Wednesday, February 3, 2021

The Power of Words - an Indian Folk Tale


 

There is a folktale collected by A.K. Ramanujan about a wise old woman.  This woman had cared for her family for many years. She lived in a multi-generational home with her husband, four sons and daughters-in-law. Sadly, even though she worked hard and did much for them, she was often mistreated.  Like many other older women, she was ignored, criticized, and belittled. Wanting to keep peace in the family, she tried her best to stay silent and ignore their rude and disrespectful behavior.  She began to comfort herself with food and soon became very fat.  This just gave her family another reason to taunt her, and so fatter and fatter she grew.

One day, after her daughter-in-law gave the old woman a tongue lashing, she decided to take a walk.  She soon found herself at an old, abandoned house.  Its roof had blown away. The old woman made her way to the center of the house and began sharing her sorrows with a wall.  As many storytellers know, the wall can be a good listener.  The old woman also found this to be true.  And so, she began sharing, tentatively at first, the years of torment from her first-born son.  And suddenly, her words burst forth – filled with both anger and tears. Like a torrent that would never stop, her words continued.  After a while, the wall could no longer contain all the suffering and collapsed before her eyes.  She moved to the next wall and continued to share each horrible memory of her second son – the name calling and the belittling. Soon, this wall collapsed.  This continued as she shared the suffering from her third and fourth sons.  Wall after wall collapsed in the wake of her words.  The house was now in ruins.  The old woman simply walked away.  She was now thin and free from the hurt inside.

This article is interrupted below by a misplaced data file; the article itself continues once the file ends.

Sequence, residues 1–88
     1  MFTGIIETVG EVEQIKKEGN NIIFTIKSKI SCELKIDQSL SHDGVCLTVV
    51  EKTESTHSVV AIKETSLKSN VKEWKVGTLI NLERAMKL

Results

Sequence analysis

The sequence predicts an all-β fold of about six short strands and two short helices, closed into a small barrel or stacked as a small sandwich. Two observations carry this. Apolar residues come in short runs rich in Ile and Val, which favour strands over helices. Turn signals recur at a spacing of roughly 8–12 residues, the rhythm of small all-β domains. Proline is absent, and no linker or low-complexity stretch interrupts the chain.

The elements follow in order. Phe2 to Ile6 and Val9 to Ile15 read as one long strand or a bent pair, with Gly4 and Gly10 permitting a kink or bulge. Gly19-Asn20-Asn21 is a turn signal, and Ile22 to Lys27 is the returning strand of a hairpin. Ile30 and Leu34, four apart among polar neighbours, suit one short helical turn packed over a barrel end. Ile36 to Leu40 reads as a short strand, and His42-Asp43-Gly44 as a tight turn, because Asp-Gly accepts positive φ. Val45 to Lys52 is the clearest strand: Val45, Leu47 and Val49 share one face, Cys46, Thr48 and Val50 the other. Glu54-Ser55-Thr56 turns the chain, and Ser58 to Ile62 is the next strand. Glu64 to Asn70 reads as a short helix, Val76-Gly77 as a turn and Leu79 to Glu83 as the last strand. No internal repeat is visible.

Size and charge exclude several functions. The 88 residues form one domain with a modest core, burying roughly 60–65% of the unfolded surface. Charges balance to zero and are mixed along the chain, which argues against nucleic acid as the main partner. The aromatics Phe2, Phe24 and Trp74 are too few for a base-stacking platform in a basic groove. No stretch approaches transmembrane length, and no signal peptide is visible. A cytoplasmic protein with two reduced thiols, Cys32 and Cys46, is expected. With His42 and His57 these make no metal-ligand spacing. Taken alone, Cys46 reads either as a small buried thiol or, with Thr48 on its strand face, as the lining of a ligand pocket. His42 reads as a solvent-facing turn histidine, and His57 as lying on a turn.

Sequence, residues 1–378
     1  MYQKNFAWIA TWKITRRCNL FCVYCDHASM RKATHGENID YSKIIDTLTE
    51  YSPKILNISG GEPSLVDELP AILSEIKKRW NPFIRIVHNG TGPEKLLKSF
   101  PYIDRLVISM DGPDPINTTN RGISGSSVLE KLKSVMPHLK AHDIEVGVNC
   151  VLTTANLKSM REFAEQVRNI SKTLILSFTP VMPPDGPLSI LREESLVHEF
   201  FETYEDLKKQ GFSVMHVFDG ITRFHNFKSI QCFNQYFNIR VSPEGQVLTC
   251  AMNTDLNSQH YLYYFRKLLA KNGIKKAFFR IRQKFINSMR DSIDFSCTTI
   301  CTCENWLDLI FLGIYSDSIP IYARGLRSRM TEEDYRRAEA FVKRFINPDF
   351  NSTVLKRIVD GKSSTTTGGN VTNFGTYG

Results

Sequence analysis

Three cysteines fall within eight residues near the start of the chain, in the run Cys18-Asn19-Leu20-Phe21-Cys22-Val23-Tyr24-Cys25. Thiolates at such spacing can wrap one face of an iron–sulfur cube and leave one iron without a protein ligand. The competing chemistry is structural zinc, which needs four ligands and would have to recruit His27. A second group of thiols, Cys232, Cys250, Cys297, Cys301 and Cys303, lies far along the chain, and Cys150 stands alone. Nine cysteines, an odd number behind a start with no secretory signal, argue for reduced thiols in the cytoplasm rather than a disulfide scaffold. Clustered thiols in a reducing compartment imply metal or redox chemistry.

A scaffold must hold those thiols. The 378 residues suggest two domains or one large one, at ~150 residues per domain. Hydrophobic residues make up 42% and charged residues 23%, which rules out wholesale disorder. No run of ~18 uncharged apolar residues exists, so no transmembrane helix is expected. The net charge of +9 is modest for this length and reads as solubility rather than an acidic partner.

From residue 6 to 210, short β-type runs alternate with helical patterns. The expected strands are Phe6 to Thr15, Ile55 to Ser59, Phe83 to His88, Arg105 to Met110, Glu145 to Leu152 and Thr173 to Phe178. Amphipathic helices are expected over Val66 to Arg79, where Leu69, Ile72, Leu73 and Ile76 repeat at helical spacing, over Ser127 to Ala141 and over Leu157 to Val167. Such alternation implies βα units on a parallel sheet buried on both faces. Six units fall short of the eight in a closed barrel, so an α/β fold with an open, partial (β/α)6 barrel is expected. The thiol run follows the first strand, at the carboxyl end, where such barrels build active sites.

This story clearly shows us that words have power.  But sadly, it also portrays the life of a woman who is powerless and without self-esteem.  She lives in a family where she is unable to speak out against domestic violence.  This occurs in all cultures not just India.  In my youth, I watched many older women kowtow to their husbands.  Everything they did was criticized.  They were called names and worse. At 18, I remember a meal with my sister’s mother and father-in-law.  He spent most of the meal speaking words of hate against women and especially his wife.  This continued until I could stand his misogyny no more.  I spoke out to him, in words I no longer recall.  Later, I went back to the kitchen where the other women were.  I apologized to his wife because I didn’t want to upset her.  In 1970, women still knew their place.   I’ll never forget how she told me it was fine. Perhaps she too was looking for a wall to release her pain.

[I’ve been unable to find the actual citation, but I will share the website where this article was referenced. Samhita Arni, “Better, Spill the Beans: Feminine Mythique History & Culture” in The Hindu  (https://www.thehindu.com/society/history-and-culture/on-folk-tales-women-and-the-unspoken-words/article19682990.ece).]